Todd Rider, a biomedical engineer at MIT, has a potential cure for every virus on the planet. Still, he won’t be eradicating Zika any time soon because of what he doesn’t have: money. A lot of arm waving and several crowdfunding campaigns after announcing his discovery, Double-stranded RNA Activated Caspase Oligomerizer, 15 years ago, he still doesn’t have the funds to follow up meaningfully on his successful preliminary tests. Rider currently resides in a spot scientists refer to as the “Valley of Death,” the place between work basic research organizations will fund and pharmaceutical company landslides.
Rider has a particularly sleek Indiegogo campaign, spearheaded by some savvy internet activists, running right now. But it’s not exactly off to the races. The benefit to funders is potentially life-changing, but also uncertain. Support has been enthusiastic but, well, inadequate. This is something Rider is, unfortunately, used to at this point.
Inverse reached Rider by email.
Take me back to when you first discovered DRACOs. Did you immediately see their potential?
Because there were so few existing antiviral therapeutics, and those tended to be specific just for individual viruses or even just particular strains of individual viruses, I was motivated to develop new antiviral therapeutics that would be effective against a very broad spectrum of viruses. Rather than trying to invent something from scratch, I decided to borrow from what nature has already invented. Our cells have natural ways of detecting viral double-stranded RNA, and natural ways of triggering suicide in certain cells. I invented DRACO to combine those two natural systems and kill virus-infected cells. Just as the development of antibiotics completely revolutionized the treatment and prevention of bacterial infections in the mid-20th century, I believe that DRACO has the potential to completely revolutionize the treatment and prevention of viral infections in the 21st century.
While it’s easy to acknowledge that the “Valley of Death” is a significant problem in medical research, you might think that a potential cure for all viruses would somehow transcend the valley and generate sufficient interest and funding. Why hasn’t this happened?
Modest amounts of funding from the National Institutes of Health have enabled the previous proof-of-concept experiments in cells and mice, but that funding grant is now over. Major pharmaceutical companies have the resources and expertise to carry new drugs like DRACO through the manufacturing scale-up, large-scale animal trials, and human trials required for FDA approval. However, before committing any of their own money, those companies want to see that DRACOs have already been shown to be effective against major clinically relevant viruses (such as members of the herpesvirus family), not just the proof-of-concept viruses (such as rhinovirus) that were previously funded by NIH. Thus the Valley of Death is the financial and experimental gap between the previously funded NIH proof-of-concept experiments and the threshold for convincing major pharmaceutical companies to advance DRACOs toward human trials.
It seems as though DRACOs aren’t a silver bullet — separate therapies would have to be developed and tested individually, each at great cost. Am I right about this?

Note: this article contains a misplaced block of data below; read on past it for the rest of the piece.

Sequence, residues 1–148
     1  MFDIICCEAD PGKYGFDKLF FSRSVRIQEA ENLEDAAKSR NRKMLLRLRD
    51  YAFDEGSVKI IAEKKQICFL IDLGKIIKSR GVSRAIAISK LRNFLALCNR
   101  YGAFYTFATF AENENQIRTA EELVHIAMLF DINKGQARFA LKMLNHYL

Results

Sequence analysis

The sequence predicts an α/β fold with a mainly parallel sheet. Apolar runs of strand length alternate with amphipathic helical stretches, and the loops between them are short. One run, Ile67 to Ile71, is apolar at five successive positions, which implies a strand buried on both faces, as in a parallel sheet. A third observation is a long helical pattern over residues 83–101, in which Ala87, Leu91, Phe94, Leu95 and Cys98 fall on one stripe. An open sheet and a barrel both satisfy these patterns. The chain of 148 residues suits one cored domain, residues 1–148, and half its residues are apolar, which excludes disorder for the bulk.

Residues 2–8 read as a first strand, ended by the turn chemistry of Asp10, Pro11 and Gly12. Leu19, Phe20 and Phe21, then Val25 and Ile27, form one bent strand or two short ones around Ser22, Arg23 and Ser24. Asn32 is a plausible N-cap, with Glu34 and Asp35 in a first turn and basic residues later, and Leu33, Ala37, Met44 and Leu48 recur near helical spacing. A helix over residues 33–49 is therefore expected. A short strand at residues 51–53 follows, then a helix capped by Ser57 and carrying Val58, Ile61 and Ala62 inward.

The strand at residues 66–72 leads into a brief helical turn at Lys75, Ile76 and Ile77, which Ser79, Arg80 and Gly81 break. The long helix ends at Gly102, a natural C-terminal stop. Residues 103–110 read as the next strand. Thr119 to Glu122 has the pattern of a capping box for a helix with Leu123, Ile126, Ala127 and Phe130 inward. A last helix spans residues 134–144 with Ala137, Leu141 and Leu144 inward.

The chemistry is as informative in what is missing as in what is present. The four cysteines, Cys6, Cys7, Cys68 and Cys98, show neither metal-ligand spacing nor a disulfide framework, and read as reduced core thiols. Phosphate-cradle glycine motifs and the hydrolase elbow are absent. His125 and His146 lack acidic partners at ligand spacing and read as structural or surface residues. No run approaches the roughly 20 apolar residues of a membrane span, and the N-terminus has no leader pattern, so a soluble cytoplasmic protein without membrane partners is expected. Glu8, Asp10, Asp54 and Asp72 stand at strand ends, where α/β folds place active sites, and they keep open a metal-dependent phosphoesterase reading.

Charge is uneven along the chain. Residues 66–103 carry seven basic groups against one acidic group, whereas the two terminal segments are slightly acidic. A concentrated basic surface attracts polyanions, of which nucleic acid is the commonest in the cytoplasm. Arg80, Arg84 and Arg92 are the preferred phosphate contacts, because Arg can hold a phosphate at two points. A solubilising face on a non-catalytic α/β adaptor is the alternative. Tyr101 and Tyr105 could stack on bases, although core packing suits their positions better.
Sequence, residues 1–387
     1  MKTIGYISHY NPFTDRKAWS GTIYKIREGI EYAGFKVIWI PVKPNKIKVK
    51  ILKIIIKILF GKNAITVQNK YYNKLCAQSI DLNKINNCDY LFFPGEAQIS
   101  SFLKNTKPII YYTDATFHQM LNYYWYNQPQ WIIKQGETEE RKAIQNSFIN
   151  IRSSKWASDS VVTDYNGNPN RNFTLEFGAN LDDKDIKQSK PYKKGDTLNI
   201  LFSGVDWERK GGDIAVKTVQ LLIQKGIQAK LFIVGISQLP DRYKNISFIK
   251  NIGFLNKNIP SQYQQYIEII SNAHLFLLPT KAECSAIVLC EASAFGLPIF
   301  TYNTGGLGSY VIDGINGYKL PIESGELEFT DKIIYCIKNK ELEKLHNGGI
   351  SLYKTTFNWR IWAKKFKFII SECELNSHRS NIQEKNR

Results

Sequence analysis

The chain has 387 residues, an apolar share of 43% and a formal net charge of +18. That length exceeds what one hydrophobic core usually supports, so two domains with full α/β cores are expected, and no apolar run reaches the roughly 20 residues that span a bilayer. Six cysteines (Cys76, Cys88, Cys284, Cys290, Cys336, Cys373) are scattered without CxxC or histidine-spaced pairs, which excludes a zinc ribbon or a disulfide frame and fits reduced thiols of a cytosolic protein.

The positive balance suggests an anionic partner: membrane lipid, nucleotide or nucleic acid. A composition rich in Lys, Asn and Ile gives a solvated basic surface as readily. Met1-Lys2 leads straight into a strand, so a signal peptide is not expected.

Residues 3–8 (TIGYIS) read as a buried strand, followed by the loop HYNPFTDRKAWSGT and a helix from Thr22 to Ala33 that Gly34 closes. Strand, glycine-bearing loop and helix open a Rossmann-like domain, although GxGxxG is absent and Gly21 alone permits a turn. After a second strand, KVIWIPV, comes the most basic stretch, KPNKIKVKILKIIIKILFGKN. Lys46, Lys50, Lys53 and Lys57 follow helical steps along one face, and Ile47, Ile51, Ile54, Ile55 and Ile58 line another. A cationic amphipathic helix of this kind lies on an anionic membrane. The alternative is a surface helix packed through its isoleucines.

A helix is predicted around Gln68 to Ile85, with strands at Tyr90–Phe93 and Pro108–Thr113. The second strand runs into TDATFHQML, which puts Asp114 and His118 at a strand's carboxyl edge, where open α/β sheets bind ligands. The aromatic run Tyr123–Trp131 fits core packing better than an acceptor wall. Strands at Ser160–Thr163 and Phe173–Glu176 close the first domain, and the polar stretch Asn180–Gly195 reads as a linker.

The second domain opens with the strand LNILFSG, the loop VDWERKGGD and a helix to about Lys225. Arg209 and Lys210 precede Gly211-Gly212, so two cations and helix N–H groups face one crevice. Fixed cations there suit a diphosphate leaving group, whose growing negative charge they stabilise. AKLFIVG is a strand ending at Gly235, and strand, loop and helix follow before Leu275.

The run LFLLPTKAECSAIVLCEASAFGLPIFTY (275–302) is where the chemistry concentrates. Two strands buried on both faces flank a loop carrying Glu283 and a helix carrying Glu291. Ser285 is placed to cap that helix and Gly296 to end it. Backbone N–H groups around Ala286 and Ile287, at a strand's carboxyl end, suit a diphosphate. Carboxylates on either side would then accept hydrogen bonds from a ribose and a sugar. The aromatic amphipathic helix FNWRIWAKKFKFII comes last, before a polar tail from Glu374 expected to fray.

In theory, one DRACO design should be effective against a very broad spectrum of viruses, and effective in a wide range of people. Starting from our initial proof-of-concept work, it may take some experimental optimization to find that best DRACO design though, and it has been challenging to find the funding to carry DRACO beyond our very early-stage work.
What do you imagine a DRACO-based treatment would actually look like, if it were developed?
We have demonstrated that the initial version of DRACO can be successfully administered to mice as an injection or via inhalation. My ultimate goal is to develop DRACO in a pill form, but first I have to teach the mice how to swallow pills.
How did you decide to turn to crowdfunding to help support this?
Online activists heard about my DRACO research, offered to raise funding to help support my work, and have been instrumental in running the campaigns. I am very grateful to all of the folks who have helped with or donated to the crowd-funding campaigns.
So far, you raised a modest amount through the two campaigns. Are you surprised or disappointed with the response to date?
I deeply appreciate all of the donations that have been made thus far. If crowdfunding is able to raise as much money as we hope, that could fund the development and testing of DRACOs against clinically relevant viruses in cells. However, even if the crowdfunding campaign does not raise the full amount, whatever amount is raised will be very helpful to buy supplies and equipment as I continue to try to obtain additional research funding from other sources.
Do you believe the goal of curing all viral disease through DRACOs is attainable?
If we can successfully demonstrate and optimize DRACOs against clinically relevant viruses in cells, we believe those results should persuade pharmaceutical companies to carry DRACOs through large-scale animal trials and hopefully into human trials. The timeline depends on funding levels (including how much funding pharmaceutical companies are willing to commit later) and whether any unforeseen scientific difficulties arise in the experiments. However, if everything goes well, we hope that DRACO could enter human trials within a decade or even less.
This interview has been edited for brevity and clarity.